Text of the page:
Journalist Kuni Tyessi’s Being Twins



In this collection of fifty poems, readers will through lives and experiences that are akin to the humankind.

Kuni Tyessi holds a mirror onto the life of a single woman whose experiences as they connect with those of other women and men, became representational.

Her journalistic, social and academic essays and features of which this collection is an extension, have contributed in creating awareness about some of the social ills that affect women and children.

It is no wonder, therefore, that her poetry searches deeply into gender issues, hoping that through it, the torments of unequal representation, culture, unfavourable policies and other man-made limitations that women are made to bear will one day have lasting solutions.

In a very literal sense, Being Twins, is structured in the tripartite way in which a story is designed, which is also the way human life is supernaturally designed; the cold, slow morning of our lives, which gradually gives way to the hot, vibrant afternoon, which must give way to the limp coolness of the dreaded night which is also the moment of rest. The three parts are entitled ‘Relationships’, ‘Being Twins’, and ‘Mortality’, reminiscent of beginning, middle and an end.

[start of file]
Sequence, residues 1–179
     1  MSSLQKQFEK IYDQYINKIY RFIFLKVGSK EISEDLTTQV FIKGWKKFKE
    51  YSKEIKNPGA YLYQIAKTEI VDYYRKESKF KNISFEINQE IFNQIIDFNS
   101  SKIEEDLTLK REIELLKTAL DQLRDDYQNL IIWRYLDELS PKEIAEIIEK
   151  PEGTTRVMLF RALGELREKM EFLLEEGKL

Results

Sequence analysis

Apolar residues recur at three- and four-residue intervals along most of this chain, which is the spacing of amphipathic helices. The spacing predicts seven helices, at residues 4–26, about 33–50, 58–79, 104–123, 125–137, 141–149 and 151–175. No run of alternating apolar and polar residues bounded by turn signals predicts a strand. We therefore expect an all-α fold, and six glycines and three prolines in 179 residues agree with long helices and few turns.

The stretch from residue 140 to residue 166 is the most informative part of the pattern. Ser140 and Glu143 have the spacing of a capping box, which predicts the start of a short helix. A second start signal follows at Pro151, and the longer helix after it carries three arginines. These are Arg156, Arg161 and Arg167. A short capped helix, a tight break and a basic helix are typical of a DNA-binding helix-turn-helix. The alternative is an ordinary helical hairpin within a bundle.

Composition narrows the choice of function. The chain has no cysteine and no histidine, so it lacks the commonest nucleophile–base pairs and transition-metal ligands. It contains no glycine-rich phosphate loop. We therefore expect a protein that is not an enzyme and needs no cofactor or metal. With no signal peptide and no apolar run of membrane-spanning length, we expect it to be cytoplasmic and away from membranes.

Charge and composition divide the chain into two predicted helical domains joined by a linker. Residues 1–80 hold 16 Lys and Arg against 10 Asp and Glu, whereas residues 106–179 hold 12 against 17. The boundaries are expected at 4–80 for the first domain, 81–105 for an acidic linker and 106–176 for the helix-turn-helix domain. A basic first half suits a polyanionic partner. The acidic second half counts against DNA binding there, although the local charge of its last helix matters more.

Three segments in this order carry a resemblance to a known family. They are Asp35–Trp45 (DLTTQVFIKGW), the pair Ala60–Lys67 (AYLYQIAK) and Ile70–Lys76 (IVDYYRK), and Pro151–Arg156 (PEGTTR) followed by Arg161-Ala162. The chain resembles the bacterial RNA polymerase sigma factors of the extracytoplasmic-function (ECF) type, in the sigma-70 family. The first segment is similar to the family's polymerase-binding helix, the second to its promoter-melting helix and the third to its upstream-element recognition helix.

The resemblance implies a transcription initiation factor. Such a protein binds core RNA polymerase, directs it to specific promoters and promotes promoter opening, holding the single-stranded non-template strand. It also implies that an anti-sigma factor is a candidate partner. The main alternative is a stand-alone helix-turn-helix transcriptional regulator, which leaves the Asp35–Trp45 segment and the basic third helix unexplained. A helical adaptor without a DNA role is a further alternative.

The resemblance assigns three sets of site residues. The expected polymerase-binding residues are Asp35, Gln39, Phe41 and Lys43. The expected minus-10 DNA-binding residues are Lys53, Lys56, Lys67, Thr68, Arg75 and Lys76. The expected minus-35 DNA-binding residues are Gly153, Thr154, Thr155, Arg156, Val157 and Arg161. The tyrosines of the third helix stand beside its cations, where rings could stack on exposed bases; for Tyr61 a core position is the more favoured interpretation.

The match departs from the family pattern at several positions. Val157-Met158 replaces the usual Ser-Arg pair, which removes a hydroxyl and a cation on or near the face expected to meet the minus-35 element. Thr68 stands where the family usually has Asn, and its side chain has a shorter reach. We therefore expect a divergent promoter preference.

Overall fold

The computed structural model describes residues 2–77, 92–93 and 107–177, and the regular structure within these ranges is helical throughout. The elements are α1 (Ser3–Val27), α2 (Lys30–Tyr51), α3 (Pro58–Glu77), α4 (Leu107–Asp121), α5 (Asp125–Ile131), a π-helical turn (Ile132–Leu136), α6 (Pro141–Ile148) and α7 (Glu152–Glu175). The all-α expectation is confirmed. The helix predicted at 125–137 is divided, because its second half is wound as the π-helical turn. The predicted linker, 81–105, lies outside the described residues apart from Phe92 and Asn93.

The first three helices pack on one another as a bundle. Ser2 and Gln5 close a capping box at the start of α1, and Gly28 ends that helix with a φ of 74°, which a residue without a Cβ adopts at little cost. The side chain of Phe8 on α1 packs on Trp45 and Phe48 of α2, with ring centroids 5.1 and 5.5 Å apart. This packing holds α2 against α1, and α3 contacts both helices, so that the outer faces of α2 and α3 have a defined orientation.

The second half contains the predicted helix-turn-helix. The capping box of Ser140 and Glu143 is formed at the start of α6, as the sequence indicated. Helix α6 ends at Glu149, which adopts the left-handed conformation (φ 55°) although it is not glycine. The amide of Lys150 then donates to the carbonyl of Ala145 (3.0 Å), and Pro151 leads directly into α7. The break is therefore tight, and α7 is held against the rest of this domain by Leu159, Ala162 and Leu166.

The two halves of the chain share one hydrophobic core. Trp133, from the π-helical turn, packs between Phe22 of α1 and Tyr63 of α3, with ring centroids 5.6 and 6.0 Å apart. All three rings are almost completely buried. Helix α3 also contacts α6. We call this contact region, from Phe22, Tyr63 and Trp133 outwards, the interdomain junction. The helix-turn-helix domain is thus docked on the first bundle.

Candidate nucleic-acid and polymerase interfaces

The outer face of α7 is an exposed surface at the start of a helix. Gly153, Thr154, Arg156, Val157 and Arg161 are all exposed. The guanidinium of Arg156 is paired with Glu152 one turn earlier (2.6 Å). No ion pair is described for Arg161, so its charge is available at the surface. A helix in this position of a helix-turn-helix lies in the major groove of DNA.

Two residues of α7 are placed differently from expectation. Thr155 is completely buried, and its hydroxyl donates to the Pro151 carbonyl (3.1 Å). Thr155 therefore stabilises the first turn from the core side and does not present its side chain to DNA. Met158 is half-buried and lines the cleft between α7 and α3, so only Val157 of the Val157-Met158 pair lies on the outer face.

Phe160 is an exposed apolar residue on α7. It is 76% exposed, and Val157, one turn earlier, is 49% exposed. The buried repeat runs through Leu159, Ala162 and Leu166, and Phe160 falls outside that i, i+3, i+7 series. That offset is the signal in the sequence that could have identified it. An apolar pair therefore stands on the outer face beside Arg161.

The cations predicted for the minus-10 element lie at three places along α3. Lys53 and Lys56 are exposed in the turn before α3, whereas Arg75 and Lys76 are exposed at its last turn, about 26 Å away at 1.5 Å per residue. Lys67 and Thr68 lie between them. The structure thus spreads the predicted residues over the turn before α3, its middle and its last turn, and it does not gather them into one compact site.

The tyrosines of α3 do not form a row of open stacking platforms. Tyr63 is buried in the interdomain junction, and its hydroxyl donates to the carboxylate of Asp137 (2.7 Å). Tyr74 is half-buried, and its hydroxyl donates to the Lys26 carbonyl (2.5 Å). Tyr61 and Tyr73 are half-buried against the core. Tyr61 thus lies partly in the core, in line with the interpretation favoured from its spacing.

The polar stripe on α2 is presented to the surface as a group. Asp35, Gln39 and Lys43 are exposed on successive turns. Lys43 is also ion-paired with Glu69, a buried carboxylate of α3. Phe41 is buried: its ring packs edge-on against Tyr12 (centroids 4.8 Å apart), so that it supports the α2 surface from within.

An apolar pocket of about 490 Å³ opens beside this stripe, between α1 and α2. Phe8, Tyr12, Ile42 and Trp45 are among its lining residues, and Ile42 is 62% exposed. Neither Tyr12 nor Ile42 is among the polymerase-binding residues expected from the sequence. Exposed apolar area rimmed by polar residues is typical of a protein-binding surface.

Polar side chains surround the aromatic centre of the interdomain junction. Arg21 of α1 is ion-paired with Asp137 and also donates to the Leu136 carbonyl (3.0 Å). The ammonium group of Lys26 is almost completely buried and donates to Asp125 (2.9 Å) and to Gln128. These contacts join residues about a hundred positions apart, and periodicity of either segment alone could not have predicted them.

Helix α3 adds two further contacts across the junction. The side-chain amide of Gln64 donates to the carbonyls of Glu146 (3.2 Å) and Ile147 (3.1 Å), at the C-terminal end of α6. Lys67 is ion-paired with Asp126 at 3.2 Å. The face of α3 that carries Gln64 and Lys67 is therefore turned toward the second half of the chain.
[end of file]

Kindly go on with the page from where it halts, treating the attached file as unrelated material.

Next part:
Readers are slowly drawn into the life of a timid woman through her prayer to God for rescue from a relationship in which she has been trapped, and we travel with her through the vagaries of life that is the lot of many women in traditional patriarchal Africa, from girlhood to marriage.

The tragedy of her existence increases as she enters into lonely moments, with tears, insults, rape and backbreaking labour. This moment is best described as the stage of slavery. Even the right to enjoy sex is taken away from her. But wisdom comes with experience, and so, ironically, the third movement entitled ‘Mortality’ launches itself with rhetorical questions; a pointer to the fact, as the poet hopes, that freedom is in the horizon.

There is much more in this deeply probing collection that only a careful and interactive reading can reveal its poetic value as well as its main and numerous sub-meanings.


Reviewer: Professor Dul Johnson

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